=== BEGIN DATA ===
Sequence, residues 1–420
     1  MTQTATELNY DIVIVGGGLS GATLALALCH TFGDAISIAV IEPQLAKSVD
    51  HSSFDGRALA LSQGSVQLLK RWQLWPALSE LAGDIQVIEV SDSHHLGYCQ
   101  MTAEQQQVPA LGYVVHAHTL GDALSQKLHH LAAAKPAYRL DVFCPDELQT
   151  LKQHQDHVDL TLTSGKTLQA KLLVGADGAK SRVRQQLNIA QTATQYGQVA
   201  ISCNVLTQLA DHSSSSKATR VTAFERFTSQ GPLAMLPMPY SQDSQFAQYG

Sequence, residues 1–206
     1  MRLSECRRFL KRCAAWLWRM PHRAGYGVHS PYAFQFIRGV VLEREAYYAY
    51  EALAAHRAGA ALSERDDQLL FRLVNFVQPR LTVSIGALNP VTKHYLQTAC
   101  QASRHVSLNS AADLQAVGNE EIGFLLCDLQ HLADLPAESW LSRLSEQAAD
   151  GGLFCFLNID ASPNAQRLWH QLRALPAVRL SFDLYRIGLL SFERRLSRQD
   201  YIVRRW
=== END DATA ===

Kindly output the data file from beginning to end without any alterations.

Sequence, residues 1–420
     1  MTQTATELNY DIVIVGGGLS GATLALALCH TFGDAISIAV IEPQLAKSVD
    51  HSSFDGRALA LSQGSVQLLK RWQLWPALSE LAGDIQVIEV SDSHHLGYCQ
   101  MTAEQQQVPA LGYVVHAHTL GDALSQKLHH LAAAKPAYRL DVFCPDELQT
   151  LKQHQDHVDL TLTSGKTLQA KLLVGADGAK SRVRQQLNIA QTATQYGQVA
   201  ISCNVLTQLA DHSSSSKATR VTAFERFTSQ GPLAMLPMPY SQDSQFAQYG

Sequence, residues 1–206
     1  MRLSECRRFL KRCAAWLWRM PHRAGYGVHS PYAFQFIRGV VLEREAYYAY
    51  EALAAHRAGA ALSERDDQLL FRLVNFVQPR LTVSIGALNP VTKHYLQTAC
   101  QASRHVSLNS AADLQAVGNE EIGFLLCDLQ HLADLPAESW LSRLSEQAAD
   151  GGLFCFLNID ASPNAQRLWH QLRALPAVRL SFDLYRIGLL SFERRLSRQD
   201  YIVRRW